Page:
Starring: Anthony Mark Streeter, Nathan Hamilton, Russell Barnett
Director: Anthony Z. James
Running Time: 85 mins
Ghost is a British film about a man who, on his first after release from prison, seeks to reconnect with his son, while coping with the inevitability of his dark past catching up with him.
Impressive not only considering its budget and small production scale, Ghost delivers genuinely gripping drama and poignant emotion in sleek fashion throughout, proving the immense potential of even the smallest films.
Shot entirely on a smartphone, it’s really quite incredible just how cinematic and spectacular this film looks. With brilliant cinematography and visual style throughout, Ghost lends a sleek, almost imposing edge to the city of London, heightening the emotional intensity of its story enormously.
Many London crime dramas will use a down-to-earth, gritty portrayal of the city to drive their stories home, but the way that this film avoids that in favour of something a little more poignant is particularly telling of why it’s such a powerful and memorable watch.
Uniquely pensive and patient for its genre, the film looks at the nature of a complicated father-son relationship and the vestiges of a troubled past in gripping fashion, fostering challenging, powerful and often strikingly uncomfortable dramatic depth throughout.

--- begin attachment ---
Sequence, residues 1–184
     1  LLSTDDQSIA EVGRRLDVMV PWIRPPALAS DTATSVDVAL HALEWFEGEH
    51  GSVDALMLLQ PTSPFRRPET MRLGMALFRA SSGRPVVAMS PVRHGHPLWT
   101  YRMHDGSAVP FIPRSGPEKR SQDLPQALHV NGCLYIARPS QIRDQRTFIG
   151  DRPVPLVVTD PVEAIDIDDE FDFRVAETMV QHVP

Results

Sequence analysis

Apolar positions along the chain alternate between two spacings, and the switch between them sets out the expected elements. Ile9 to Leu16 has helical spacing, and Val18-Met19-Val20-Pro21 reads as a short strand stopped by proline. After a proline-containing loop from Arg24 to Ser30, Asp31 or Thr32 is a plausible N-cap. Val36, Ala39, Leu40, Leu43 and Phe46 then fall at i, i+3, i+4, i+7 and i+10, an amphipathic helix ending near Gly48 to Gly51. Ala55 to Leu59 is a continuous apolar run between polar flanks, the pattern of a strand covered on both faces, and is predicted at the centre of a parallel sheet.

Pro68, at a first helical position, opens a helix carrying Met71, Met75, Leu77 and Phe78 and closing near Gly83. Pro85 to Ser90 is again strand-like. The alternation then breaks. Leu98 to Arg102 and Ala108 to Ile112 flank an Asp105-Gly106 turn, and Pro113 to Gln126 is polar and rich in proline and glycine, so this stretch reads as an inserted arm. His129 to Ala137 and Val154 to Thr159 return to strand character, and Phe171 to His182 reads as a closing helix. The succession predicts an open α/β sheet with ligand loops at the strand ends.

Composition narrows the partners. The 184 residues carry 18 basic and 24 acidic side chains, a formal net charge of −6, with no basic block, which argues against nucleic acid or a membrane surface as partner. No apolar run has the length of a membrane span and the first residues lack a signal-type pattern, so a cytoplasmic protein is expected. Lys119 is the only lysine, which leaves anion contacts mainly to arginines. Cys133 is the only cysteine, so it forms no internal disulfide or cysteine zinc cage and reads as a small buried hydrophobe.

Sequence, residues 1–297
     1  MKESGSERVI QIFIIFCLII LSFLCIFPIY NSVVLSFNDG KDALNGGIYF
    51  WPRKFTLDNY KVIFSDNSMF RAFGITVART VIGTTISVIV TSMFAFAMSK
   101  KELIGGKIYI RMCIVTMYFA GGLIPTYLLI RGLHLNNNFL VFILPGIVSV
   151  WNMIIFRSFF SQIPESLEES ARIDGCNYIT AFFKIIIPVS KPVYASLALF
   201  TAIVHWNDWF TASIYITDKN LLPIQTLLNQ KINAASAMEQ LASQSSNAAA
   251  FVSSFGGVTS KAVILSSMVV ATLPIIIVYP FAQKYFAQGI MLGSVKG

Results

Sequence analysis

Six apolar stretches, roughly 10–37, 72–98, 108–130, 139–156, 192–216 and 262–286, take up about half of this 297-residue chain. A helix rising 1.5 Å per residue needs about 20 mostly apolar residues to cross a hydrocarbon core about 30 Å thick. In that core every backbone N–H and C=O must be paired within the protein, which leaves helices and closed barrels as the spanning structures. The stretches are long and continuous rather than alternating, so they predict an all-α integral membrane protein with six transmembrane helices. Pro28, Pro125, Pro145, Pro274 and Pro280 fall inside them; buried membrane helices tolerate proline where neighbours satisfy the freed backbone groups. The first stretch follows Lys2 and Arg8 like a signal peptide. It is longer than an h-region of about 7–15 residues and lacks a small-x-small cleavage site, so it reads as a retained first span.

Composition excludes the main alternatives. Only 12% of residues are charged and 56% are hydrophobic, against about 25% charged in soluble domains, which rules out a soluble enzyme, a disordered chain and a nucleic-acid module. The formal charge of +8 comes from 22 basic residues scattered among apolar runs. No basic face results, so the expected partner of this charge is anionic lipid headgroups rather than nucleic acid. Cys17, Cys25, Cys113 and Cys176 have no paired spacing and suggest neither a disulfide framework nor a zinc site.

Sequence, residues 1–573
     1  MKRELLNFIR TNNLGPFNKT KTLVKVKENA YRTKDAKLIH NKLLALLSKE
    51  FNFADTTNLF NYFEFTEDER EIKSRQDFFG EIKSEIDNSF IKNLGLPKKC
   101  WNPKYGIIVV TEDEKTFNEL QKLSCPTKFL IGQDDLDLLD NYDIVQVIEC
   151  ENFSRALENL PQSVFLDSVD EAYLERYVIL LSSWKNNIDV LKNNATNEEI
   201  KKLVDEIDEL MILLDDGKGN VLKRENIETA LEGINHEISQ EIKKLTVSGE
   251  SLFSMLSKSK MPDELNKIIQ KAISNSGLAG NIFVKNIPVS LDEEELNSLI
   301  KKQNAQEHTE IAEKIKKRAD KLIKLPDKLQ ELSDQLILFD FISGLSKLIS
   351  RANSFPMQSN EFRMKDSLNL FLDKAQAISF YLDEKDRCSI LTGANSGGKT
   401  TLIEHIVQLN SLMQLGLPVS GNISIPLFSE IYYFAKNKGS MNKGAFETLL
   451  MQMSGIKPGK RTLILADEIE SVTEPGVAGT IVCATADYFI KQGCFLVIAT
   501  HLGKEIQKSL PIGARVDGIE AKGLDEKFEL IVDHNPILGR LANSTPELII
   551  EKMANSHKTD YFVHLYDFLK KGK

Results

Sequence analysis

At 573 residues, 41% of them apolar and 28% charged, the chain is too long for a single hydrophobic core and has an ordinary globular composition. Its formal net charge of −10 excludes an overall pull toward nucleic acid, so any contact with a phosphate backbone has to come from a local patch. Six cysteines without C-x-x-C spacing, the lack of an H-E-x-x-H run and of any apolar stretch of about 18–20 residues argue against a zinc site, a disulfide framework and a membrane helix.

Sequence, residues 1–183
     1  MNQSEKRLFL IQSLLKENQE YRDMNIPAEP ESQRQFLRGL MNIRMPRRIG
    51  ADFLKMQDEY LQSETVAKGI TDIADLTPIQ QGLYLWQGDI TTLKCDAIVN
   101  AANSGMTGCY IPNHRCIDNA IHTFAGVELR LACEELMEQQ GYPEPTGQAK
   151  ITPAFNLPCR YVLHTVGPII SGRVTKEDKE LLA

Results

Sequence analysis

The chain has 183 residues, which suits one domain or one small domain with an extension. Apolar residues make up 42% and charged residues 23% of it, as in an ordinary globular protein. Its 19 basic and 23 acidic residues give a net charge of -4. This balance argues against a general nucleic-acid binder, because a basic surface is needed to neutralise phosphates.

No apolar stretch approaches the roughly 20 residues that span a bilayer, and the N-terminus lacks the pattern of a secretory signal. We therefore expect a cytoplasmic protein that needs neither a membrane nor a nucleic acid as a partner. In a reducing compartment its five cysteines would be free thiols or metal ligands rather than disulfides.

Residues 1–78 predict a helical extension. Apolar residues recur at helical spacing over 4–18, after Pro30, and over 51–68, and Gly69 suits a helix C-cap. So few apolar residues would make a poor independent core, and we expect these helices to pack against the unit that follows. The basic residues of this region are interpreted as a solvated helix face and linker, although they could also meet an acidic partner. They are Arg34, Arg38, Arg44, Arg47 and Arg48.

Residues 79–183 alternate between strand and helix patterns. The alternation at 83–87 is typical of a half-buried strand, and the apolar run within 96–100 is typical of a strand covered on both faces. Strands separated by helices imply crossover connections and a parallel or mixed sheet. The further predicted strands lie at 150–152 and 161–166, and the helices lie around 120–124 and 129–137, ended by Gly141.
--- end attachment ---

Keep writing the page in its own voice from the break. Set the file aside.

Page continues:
The lead performance from Anthony Mark Streeter is fantastic, as he manages to strike a perfect balance between some of the more generic gritty sensibilites of the film’s story and something a lot more profound, while Nathan Hamilton, who plays his son, also impresses with a steely and strong-willed turn that more than matches up to Streeter.
Couple those excellent performances with a riveting screenplay and a perfectly pitched atmosphere brought to life by director Anthony Z. James, and Ghost really has a lot to offer on a deep, emotional level – not to mention its profound, almost transcendent musical score that puts you in a trance from the very start of the film.
For a film shot on such a small scale and with such a small budget, I was blown away by how masterful Ghost was. It’s a gripping watch that blends more generic sensibilities with profound, challenging drama, while it also delivers deeply poignant emotion through its use of atmosphere, score, cinematography and performances. And with all that considered, it really is an impressive watch, which is why I’m giving it a 7.7 overall.